Are you looking for a good deal? Chances are that you know about some of the daily deal sites out there. These sites provide you with a way to get deep discounts on various products and experiences. A good daily deal site can provide you with opportunities to save money on things that you normally buy.
Remember, though, that to take best advantage of daily deal sites, you need to only purchase things that you would have bought anyway. Otherwise, you’re just spending extra money and not truly saving at all.
Top 5 Daily Deal Web Sites
Here is an overview of the best daily deal web sites:
Groupon is the one that started it all. This site allows you to sign up by location, so you receive daily deals related to your area. This means that you see local businesses in your deals section so that you can really use what you buy.
If you can get enough of your friends to sign up for a Groupon, you can get it for free. This is a great way save money on your favorite items or at your favorite store.
2. Living Social
This is another daily deal site that targets your location. Living Social offers different deals than Groupon. While you’re more likely to find a Groupon deal for a specific item, Living Social is well-known for its experience deals. You can find vacation packages, a trip to the spa, and local family activities. While it’s also possible to find deals for individual items (and you can find experiences on Groupon), the majority of deals seem to follow a specific pattern.
3. Google Offers
As you might expect, Google has its own daily deal site. Google Offers provides you access to local and online deals. It’s really easy to search Google Offers for what you’re interested in as well. Categories make looking for just what you want easy; no waiting for an email to show up in your inbox. Additionally, you can find some great deals on specific offers on the front page of Google Offers.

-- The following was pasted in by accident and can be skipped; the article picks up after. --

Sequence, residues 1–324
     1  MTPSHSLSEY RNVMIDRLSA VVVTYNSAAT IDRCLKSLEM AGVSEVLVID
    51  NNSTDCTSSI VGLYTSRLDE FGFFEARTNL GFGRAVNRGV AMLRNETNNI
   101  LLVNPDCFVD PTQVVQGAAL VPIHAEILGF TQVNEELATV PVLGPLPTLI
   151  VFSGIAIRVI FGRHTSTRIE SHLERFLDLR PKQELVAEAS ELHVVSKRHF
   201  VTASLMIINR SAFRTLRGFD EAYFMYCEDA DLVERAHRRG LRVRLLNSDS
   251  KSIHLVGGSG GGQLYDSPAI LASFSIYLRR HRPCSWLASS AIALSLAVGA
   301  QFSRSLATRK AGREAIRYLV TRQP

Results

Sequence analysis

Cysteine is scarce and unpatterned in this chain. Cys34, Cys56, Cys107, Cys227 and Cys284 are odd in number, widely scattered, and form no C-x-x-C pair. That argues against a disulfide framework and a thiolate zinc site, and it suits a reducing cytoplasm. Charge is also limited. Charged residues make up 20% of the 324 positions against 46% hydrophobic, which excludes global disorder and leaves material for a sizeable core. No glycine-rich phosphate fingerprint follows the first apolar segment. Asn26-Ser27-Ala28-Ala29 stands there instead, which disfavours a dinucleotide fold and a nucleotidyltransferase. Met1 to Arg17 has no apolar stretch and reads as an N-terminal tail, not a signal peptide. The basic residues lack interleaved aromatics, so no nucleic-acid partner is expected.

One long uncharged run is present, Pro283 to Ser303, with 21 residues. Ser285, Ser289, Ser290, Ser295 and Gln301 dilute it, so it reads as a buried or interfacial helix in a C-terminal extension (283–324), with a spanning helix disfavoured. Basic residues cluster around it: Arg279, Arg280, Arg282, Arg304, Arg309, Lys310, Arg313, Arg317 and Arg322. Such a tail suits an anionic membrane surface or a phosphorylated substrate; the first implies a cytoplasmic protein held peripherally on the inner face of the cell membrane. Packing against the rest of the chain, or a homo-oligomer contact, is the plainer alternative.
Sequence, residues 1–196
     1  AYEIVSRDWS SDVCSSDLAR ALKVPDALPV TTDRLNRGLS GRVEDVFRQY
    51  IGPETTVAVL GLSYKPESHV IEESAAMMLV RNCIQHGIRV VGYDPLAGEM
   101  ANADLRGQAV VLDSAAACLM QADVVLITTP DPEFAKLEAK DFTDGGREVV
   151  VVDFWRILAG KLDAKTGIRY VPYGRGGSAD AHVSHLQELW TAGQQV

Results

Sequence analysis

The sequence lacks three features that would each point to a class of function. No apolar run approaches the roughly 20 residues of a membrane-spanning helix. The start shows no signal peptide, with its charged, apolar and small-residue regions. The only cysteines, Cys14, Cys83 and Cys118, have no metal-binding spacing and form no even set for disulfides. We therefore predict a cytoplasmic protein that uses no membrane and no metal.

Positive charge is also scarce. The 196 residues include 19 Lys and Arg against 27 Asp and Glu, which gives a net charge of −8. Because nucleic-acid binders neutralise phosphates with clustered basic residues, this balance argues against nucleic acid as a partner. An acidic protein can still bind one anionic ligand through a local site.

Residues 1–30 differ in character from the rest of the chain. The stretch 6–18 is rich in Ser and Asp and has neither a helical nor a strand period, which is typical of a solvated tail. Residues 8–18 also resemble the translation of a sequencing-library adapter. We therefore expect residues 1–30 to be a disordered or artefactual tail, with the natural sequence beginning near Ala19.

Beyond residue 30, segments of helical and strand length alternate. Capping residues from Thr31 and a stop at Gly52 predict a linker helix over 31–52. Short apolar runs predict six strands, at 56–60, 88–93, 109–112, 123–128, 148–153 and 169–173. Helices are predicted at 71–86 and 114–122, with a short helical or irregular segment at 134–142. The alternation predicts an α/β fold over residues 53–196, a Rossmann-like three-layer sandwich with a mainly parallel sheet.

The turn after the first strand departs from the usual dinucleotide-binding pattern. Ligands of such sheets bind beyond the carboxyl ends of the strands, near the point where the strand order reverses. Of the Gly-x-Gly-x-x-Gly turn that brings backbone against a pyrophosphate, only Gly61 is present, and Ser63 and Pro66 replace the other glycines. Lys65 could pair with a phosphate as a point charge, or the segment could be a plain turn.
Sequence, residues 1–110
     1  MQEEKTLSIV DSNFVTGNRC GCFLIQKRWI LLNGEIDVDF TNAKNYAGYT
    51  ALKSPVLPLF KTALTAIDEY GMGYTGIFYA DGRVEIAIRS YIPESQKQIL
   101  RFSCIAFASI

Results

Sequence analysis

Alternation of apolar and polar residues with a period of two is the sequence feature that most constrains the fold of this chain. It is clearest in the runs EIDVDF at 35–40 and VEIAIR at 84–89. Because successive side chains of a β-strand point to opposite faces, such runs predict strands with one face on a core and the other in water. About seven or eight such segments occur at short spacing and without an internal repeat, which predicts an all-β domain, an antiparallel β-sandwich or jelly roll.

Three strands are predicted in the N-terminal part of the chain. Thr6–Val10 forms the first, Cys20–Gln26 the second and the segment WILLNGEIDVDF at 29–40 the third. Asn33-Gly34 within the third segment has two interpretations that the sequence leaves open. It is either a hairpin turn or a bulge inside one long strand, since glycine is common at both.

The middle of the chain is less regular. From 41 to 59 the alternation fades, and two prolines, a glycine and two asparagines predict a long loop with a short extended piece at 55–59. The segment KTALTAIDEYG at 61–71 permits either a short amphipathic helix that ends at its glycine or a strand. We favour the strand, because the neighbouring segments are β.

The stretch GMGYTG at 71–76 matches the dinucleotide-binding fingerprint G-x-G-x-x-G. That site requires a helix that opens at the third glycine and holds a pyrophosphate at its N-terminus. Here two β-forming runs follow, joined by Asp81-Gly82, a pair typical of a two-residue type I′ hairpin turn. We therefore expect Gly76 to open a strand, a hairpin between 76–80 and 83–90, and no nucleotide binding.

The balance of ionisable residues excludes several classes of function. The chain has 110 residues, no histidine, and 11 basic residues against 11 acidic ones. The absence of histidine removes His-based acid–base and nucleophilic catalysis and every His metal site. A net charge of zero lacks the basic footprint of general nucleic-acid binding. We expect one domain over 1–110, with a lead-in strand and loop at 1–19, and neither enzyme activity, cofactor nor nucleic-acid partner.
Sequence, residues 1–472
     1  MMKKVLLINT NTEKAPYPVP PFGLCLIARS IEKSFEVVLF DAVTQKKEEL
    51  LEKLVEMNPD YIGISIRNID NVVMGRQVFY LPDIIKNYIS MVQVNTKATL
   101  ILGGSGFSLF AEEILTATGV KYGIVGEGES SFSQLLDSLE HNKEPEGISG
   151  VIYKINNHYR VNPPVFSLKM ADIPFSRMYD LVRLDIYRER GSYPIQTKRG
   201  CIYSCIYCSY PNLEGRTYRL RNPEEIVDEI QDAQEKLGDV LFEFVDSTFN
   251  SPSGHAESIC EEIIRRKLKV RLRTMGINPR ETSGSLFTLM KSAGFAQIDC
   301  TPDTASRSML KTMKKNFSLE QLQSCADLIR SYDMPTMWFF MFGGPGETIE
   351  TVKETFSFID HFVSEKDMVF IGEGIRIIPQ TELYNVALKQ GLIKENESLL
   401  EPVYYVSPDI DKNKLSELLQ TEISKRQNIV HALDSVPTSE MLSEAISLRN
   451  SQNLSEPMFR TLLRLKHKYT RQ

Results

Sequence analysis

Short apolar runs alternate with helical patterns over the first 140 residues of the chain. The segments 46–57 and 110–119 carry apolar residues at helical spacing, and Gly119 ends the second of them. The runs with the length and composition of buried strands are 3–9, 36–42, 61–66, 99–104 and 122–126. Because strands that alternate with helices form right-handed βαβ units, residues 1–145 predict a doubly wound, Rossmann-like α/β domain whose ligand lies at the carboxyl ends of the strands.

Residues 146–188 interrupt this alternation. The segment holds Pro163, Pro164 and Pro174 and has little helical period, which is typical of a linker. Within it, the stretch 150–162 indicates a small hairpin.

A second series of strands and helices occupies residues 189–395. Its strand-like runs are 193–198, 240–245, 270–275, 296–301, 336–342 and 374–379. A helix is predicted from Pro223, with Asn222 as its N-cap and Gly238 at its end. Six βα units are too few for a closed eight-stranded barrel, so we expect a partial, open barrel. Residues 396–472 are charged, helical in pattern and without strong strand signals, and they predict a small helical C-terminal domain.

4. Gilt City
Looking for deals on high-end items? Gilt City is for you. Choose a major city, and then get access to interesting and exclusive experiences. The main downside is that you can only choose from a list of major cities. However, if you want to make a trip memorable, Gilt City is the way to go. You can get up to 75% off on restaurants, events, and spas. Before you plan a trip to a major metropolitan area, make sure that you check out Gilt City.
The cool thing about Moolala is that you have a chance to earn money while you are taking advantage of 50% to 90% off deals. While you are shopping, you can be earning money. On top of that, if you get friends to sign up using your referral, you can get a portion of what they earn. While using Moolala probably won’t make you rich, your earnings have the potential to at least partially offset what you spend on deals.
Managing Your Daily Deals
Make sure that you take the time to manage your daily deals. You can sign up at multiple sites, or you can choose one or two sites that offer the deals you are most likely to use. You can choose to create an email address just for daily deals, or you can watch for them to come into your inbox. Also, most daily deal sites have mobile apps now, so you can use them on your phone, making the whole process a little bit easier.
The biggest danger with daily deals is using the deal as an excuse to buy something you wouldn’t normally purchase. If you are planning on a getaway for the weekend, it makes sense to buy a travel package from a daily deal site. However, if you hadn’t planned on going, and you use the deal as an excuse, then you aren’t saving anything at all.
Don’t get so caught up in the deals that you forget the basic rules of savvy shopping and good financial practice. Manage your daily deals so that you really are getting the best bang for your buck.
Miranda is a professional personal finance journalist. She is a contributor for several personal finance web sites. Her work has been mentioned in and linked to from, USA Today, The Huffington Post, The San Francisco Chronicle, The New York Times, The Wall Street Journal, and other publications. She also has her own personal finance blog: Planting Money Seeds.